Is this the NYTimes’ effort to promote the PIRATE Act? In the Virtual Stacks, Pirated Books Find Eager Thumbs
He emphasized that he had sought alternatives to downloading books without permission by turning to publishers that allow readers to view a book’s pages one at a time. And he confesses to a sense of guilt over playing the role of a “leech.” But “as a student, I was pretty broke and couldn’t really afford $100 textbooks,” Mr. Ruesewald said. “I had to turn to the Web for help.”
He is clearly not alone. While the music industry’s effort to quash the trading of pirated songs over the Internet has attracted far more headlines, the unauthorized sharing of digitized books is proliferating in news groups, over peer-to-peer networks and in chat rooms.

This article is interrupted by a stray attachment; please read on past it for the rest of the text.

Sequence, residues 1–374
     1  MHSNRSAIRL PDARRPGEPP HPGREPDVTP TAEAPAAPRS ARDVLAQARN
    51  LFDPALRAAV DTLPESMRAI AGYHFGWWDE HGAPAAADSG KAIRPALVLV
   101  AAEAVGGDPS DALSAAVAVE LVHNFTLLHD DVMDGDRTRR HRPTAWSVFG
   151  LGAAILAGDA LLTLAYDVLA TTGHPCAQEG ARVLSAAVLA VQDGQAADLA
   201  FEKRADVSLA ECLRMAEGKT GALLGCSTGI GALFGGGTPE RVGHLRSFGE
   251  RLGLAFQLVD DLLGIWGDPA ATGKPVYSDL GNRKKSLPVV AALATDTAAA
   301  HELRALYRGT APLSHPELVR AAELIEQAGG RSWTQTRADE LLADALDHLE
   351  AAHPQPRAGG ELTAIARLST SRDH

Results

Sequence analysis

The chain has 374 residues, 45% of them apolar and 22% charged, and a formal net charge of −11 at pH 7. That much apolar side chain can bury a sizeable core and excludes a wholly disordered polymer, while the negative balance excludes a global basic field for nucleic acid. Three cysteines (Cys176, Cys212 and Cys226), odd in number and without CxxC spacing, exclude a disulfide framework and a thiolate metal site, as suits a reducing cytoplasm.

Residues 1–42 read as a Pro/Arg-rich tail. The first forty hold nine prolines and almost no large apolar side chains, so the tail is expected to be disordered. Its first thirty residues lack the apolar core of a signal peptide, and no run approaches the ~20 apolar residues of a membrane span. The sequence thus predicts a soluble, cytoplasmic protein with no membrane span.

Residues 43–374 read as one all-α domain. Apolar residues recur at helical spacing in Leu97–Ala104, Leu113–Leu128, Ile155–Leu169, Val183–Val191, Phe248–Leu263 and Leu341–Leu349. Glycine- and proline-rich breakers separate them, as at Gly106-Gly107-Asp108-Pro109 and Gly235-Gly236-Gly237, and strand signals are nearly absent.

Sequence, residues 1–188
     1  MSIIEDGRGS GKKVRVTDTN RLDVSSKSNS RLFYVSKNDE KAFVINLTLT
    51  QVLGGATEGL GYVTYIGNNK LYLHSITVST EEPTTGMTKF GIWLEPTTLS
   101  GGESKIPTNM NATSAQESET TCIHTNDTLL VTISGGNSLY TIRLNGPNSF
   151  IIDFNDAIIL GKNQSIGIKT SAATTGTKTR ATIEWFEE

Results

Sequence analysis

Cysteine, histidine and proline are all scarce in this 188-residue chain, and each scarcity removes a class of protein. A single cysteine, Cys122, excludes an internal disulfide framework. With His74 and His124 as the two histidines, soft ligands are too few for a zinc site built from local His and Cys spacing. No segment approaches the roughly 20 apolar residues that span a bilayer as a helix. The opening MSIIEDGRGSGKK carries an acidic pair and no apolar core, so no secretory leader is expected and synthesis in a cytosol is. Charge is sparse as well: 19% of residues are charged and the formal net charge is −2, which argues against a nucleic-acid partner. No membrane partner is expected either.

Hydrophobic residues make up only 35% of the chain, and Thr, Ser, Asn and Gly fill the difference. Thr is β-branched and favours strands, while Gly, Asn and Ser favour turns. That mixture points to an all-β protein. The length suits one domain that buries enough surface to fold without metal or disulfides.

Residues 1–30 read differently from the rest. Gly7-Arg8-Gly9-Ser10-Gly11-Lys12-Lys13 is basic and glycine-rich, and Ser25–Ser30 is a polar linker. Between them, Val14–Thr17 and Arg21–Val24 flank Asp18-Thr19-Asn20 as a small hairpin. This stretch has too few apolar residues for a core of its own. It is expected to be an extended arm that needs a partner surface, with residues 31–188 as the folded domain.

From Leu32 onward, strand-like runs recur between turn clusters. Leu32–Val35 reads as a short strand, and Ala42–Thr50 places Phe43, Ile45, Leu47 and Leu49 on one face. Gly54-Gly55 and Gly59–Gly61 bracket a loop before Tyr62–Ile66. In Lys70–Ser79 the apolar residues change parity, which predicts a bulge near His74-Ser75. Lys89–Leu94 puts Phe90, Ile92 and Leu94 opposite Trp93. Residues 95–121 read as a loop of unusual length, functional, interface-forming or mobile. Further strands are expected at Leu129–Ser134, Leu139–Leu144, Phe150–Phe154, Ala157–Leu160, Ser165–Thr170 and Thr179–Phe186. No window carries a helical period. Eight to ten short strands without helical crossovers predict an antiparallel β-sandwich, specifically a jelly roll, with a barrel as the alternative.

The activity is all the more striking because making a book available online is as cumbersome as ripping a CD is effortless. Each page must be scanned, run through optical character-recognition software and proofread before the complete work is uploaded to a network or transferred directly to a recipient.
Yet a quick survey conducted with peer-to-peer file-sharing software revealed the digital availability of dozens of titles currently on the New York Times best-seller list …
[...] Envisional, a company based in Britain that tracks Internet piracy, estimates that 25,000 to 30,000 pirated titles are available on the Web. The vast majority are English-language titles, although pirated German, Spanish and French books are also plentiful.
An estimate of how many people are actually downloading the books is harder to come by, however, said David Price, a researcher at Envisional.